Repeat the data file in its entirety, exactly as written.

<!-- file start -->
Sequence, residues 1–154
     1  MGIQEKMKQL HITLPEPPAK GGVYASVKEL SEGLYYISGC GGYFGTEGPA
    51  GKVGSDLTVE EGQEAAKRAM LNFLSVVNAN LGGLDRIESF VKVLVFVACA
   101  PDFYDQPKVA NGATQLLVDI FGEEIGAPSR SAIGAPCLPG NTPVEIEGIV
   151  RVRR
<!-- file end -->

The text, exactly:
Sequence, residues 1–154
     1  MGIQEKMKQL HITLPEPPAK GGVYASVKEL SEGLYYISGC GGYFGTEGPA
    51  GKVGSDLTVE EGQEAAKRAM LNFLSVVNAN LGGLDRIESF VKVLVFVACA
   101  PDFYDQPKVA NGATQLLVDI FGEEIGAPSR SAIGAPCLPG NTPVEIEGIV
   151  RVRR